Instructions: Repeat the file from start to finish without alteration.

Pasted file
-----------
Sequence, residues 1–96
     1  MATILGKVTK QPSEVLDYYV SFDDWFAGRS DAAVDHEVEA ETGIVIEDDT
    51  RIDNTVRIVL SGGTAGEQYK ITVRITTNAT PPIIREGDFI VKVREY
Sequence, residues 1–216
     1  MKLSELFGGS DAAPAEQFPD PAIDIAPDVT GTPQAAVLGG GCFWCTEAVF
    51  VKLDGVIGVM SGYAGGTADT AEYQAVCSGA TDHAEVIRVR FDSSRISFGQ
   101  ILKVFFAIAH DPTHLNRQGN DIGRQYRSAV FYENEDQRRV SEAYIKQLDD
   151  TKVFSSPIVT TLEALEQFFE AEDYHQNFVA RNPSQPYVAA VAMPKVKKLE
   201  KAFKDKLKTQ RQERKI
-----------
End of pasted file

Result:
Sequence, residues 1–96
     1  MATILGKVTK QPSEVLDYYV SFDDWFAGRS DAAVDHEVEA ETGIVIEDDT
    51  RIDNTVRIVL SGGTAGEQYK ITVRITTNAT PPIIREGDFI VKVREY
Sequence, residues 1–216
     1  MKLSELFGGS DAAPAEQFPD PAIDIAPDVT GTPQAAVLGG GCFWCTEAVF
    51  VKLDGVIGVM SGYAGGTADT AEYQAVCSGA TDHAEVIRVR FDSSRISFGQ
   101  ILKVFFAIAH DPTHLNRQGN DIGRQYRSAV FYENEDQRRV SEAYIKQLDD
   151  TKVFSSPIVT TLEALEQFFE AEDYHQNFVA RNPSQPYVAA VAMPKVKKLE
   201  KAFKDKLKTQ RQERKI